Things that once were cool tend to come back in fashion. For example, mom jeans used to be great, then they were awful, and now everyone over the age of 16 is sporting a pair. Similarly, in high school, hickeys were cool to some people, then they grew up, and they became taboo.

However, now they are back in fashion with the strength and performance world. And this isn’t just any hickey; it’s a hickey from something called cupping. So, what is this cupping stuff, how does it work, and is it just another fad?

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WTF is cupping?

Cupping is an ancient methodology that’s been used since the times of the ancient Egyptians1, 2 to cure just about anything and everything.3 However, it recently regained polarity as a recovery technique when Michael Phelps jumped into the Olympic swimming pool in 2016.

Those using cupping for rehab and recovery believe that the suction pulls the skin away from the muscles and that this increases blood flow to the area to improve recovery. Cupping is now done by a vast number of athletic trainers, physical therapists, and chiropractors as a type of decompressed myofascial tension release. However, it is believed by many scientists to work as a placebo effect.4, 5

While there are many types of cupping, the most popular are wet and dry6 with dry being most commonly used amongst the strength sports. With dry cupping, glass or plastic cups are applied to the skin with suction. Due to the negative pressure created by applying the cup with suction, your skin draws up into the cup.3, 7 These cups are left in place for about 10 minutes, and during this time, one can remain stationary.

Screenshot 2019-08-02 14.40.56

Andriy Popov ©

You can also have the “cupper” slide the cups up and down, or you can go through a series of exercises while the cups remain stationary. Some people say this feels like a nice stretch, whereas others say in areas of lots of muscle tension it creates a pinching sensation. Once the cupping session is done, the cups are removed, and you are sent on your way, often covered in purple circles.

Athletes who get cupped often report feeling like whatever area getting the treatment feels better and less gunky. Some practitioners use cups to remove toxins and their patients/clients report feeling cleansed.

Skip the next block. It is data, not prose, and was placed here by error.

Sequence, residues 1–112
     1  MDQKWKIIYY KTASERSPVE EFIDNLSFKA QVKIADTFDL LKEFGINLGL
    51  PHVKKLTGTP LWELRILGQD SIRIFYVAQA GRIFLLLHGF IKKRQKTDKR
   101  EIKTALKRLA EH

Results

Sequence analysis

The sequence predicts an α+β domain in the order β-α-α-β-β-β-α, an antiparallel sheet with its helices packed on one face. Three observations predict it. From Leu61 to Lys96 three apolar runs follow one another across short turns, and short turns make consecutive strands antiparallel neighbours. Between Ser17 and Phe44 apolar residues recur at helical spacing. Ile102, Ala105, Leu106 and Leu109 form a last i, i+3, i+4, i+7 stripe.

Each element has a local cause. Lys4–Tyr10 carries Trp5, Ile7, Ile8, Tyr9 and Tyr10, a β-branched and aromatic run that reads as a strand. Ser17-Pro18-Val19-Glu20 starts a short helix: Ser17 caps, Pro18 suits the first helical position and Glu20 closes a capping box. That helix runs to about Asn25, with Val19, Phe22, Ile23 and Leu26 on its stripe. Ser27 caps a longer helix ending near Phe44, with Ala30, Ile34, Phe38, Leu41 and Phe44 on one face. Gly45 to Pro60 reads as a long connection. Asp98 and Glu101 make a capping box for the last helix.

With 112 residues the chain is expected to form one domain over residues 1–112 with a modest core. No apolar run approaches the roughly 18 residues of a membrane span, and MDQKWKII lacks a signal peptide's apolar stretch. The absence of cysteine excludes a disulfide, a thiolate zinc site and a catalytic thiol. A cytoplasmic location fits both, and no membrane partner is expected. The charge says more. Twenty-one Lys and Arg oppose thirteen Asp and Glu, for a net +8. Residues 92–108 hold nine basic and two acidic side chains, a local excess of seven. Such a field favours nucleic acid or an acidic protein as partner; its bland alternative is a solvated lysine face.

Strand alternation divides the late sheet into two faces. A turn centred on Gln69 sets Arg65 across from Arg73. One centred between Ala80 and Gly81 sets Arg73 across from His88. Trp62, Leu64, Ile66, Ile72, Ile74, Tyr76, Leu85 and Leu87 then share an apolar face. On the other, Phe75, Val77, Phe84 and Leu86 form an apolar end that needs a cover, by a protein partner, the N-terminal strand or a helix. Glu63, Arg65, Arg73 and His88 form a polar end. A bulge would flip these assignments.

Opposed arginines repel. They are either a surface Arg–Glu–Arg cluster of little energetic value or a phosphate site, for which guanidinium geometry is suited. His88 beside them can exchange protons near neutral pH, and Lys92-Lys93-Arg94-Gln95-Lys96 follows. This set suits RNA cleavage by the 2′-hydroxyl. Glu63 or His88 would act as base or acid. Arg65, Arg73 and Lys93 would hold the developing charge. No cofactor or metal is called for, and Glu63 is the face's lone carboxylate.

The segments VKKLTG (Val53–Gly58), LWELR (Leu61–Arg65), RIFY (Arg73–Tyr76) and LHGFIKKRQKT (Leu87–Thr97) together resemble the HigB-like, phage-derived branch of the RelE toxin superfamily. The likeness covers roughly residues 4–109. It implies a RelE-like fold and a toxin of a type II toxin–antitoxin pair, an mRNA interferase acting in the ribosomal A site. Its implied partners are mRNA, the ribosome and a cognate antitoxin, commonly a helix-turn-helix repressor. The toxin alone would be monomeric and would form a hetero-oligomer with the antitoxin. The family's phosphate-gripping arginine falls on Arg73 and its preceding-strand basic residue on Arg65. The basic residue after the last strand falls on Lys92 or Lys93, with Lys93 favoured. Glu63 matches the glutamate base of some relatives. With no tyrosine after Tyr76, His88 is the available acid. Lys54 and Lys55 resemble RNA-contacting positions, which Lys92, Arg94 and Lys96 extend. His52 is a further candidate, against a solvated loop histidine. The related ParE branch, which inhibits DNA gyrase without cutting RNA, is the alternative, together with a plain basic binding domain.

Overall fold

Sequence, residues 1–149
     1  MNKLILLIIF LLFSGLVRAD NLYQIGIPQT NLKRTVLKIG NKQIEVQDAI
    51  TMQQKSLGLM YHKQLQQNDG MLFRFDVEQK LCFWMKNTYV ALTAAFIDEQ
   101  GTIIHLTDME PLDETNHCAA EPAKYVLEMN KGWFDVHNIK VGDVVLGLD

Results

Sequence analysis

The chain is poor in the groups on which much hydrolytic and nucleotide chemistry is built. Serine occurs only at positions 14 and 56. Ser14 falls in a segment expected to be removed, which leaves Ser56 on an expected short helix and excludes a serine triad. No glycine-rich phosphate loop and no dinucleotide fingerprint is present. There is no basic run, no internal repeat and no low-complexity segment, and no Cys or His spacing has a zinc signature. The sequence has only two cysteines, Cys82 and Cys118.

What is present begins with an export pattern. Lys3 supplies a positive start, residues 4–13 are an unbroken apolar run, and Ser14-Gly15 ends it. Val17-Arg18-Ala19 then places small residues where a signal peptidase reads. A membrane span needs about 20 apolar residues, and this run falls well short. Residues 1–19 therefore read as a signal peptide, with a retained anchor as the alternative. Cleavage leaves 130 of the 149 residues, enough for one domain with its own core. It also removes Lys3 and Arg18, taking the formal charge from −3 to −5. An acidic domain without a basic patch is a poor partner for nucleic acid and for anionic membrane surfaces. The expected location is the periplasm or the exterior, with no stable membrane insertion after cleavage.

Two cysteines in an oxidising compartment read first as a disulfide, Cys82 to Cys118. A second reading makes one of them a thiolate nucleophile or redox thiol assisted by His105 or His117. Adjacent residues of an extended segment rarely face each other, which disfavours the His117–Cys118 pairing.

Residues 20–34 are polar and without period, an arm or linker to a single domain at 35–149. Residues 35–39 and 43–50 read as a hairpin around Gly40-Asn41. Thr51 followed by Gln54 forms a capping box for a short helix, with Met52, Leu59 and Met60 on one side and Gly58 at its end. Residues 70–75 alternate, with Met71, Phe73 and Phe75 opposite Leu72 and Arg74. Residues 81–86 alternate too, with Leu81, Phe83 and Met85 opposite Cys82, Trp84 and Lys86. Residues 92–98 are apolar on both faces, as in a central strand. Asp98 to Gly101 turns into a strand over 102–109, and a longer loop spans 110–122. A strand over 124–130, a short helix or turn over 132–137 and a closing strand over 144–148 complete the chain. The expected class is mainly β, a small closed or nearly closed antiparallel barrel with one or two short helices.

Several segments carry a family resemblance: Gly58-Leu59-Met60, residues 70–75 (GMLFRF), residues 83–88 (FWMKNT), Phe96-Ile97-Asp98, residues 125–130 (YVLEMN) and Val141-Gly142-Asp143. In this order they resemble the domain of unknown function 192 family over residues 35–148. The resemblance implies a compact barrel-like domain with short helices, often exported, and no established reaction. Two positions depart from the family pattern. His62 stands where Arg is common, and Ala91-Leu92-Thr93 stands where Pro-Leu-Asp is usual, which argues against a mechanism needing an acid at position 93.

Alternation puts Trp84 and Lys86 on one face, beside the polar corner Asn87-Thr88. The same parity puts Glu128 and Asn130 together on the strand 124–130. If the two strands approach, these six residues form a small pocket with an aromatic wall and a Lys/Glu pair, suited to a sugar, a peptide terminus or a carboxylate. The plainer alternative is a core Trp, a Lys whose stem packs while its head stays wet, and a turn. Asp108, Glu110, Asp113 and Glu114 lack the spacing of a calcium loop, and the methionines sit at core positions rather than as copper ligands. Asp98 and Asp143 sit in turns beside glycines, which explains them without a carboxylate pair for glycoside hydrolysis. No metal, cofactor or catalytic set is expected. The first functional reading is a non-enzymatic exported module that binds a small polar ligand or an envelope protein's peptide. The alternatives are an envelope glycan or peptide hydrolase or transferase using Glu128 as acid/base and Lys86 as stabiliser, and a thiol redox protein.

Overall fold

Although athletes rave about it and western practitioners have been using it since the 1900s, skeptics claim the science supporting its application is lacking, which begs the question: Is the benefit of cupping on recovery and inflammation sufficient to justify walking around covered in circular bruises?

Suction isn’t that sucky

As stated above, the suction from cupping pulls the skin into the cup. Suction as a modality to improve healing by increasing blood flow to an area has been used since the 19th century.8 Additionally, the use of negative pressure has been put into practice as a way to improve wound healing.9-11 Hence, the use of suction to create negative pressure is the basis behind the concept that dry cupping is a recovery tool. Let's dig into understanding that.

As the cup is applied, it creates a localized negative pressure that compresses the skin at the cup rim while distracting the skin and tissue below the cup. The size and pressure of the cup determine if the distraction effect reaches the underlying muscles, hence pressure differential between the skin and underlying blood vessels causes immediate vasodilation and increased blood to the area12, 13. It’s believed that increasing blood flow to an area can be a good thing for relieving myofascial pain.

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Cupping therapy theme

melpomen ©

What about the bruising?

The negative pressure doesn't just lift then skin; it also causes bruises. The pressure reduction created by the cup can cause the small blood vessels under your skin to expand due to the now-higher pressure inside them. When the pressure difference is such that the pressure within the blood vessel is significantly greater than outside, they burst, and blood pools under the skin. When your blood pools under the skin, you get a bruise.

At first, bruises are red because lots of fresh blood is pooled under the skin, but as the days go on, the blood loses its oxygen and appears blue-black-purplish. Five to ten days post-bruise, your body makes compounds to breakdown hemoglobin, and the bruise turns a yellow-green before browning and fading.